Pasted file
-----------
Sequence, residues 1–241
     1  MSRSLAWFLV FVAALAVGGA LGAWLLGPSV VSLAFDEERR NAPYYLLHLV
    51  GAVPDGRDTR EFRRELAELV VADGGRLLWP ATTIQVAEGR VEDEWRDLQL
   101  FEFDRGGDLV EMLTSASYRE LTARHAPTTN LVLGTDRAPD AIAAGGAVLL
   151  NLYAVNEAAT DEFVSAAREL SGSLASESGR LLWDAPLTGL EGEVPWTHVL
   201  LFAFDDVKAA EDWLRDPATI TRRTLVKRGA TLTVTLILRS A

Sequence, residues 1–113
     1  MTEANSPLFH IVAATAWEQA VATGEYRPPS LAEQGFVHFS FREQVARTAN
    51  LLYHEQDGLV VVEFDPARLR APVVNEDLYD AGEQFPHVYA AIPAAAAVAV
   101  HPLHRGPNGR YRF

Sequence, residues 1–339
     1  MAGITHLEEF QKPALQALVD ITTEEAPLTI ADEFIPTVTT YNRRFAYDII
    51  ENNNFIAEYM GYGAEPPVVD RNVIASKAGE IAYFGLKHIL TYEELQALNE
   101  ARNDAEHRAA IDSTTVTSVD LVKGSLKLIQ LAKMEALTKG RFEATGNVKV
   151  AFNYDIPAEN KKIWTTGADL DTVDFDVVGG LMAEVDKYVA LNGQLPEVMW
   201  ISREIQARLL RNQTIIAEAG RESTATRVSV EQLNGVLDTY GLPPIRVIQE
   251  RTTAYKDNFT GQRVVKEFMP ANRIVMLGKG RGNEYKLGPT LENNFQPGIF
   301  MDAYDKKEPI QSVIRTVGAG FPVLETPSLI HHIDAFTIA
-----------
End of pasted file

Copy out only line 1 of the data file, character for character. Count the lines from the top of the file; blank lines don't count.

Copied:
Sequence, residues 1–241